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Testimonial

The Marketing Scales Handbook is indispensible in identifying how constructs have been measured and the support for a measure's validity and reliability. I have used it since the beginning as a resource in my doctoral seminar and as an aid to my own research. An electronic version will make it even more accessible to researchers in Marketing and affiliated fields.
Dr. Terry Childers
Iowa State University

availability

Three, nine-point items are used to measure the likelihood that a particular product or brand will be in short supply.  The timeframe is not stated in the items themselves but could be easily stated in the instructions.

This seven-point scale measures a person’s belief that he/she has a lot of time to do what is needed.  A three-item version and a four-item version are described.

The scale uses five, seven-point items to measure how much a person feels at a particular moment that he/she is unrushed and that time is in abundance.

The scale measures a consumer's perceived likelihood that a certain product will not be available when he/she wants it.  Four, six-point Likert-type items are used to measure the construct.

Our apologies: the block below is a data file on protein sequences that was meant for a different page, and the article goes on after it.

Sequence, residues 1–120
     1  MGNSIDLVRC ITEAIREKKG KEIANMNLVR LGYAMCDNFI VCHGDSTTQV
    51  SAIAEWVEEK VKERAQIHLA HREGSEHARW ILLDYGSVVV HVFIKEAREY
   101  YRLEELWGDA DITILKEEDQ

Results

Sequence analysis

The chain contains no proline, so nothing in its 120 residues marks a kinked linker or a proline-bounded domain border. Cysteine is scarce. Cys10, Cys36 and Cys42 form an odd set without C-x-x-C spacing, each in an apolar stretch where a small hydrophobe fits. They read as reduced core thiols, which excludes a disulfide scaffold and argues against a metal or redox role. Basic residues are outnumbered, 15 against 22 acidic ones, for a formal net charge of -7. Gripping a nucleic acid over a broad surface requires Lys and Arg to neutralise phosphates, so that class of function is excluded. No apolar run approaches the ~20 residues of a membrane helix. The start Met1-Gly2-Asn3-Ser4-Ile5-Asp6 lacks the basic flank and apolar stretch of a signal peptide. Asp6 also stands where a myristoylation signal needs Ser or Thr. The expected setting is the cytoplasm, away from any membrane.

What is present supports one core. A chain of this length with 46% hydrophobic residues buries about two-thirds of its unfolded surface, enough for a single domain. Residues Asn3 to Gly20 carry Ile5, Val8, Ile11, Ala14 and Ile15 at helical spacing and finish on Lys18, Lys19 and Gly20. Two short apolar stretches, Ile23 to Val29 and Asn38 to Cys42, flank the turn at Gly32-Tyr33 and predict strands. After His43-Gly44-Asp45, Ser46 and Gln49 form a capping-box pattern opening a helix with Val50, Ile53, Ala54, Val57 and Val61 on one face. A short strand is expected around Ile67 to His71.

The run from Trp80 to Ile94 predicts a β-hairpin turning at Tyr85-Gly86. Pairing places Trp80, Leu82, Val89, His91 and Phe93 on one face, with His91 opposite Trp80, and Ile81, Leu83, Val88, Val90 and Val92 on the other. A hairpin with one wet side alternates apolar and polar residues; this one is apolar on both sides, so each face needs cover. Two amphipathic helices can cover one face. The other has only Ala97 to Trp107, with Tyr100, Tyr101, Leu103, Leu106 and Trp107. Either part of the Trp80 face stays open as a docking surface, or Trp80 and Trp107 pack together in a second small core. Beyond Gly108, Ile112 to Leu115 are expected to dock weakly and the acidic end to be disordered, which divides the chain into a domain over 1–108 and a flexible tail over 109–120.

The ease with which a consumer is able to find where to purchase so-called "green products" is measured using five, seven-point Likert-type items.

The extent to which a consumer believes that a particular product or brand is in short supply due to unintentional order problems or greater demand than expected is measured using a three-item, seven-point Likert-type scale.

The scale measures the extent to which a consumer believes the availability of an advertised product is limited (quantity or time) and is motivated to purchase one before others do.  Three, seven-point Likert-type items compose the scale.  Aggarwal, Jun, and Huh (2011) referred to the measure as consumer competition.

The scale is composed of three, seven-point items that measure the importance a shopper places on the breadth of a web store's offerings and that it has the newest products and known brands.

Three, seven-point Likert-type items are used in this scale to measure the degree to which a person believes that a certain website is up and running all of the time without technical problems.

The motivation a shopper felt to buy a product immediately because of its scarcity is measured in this scale with three, seven-point items.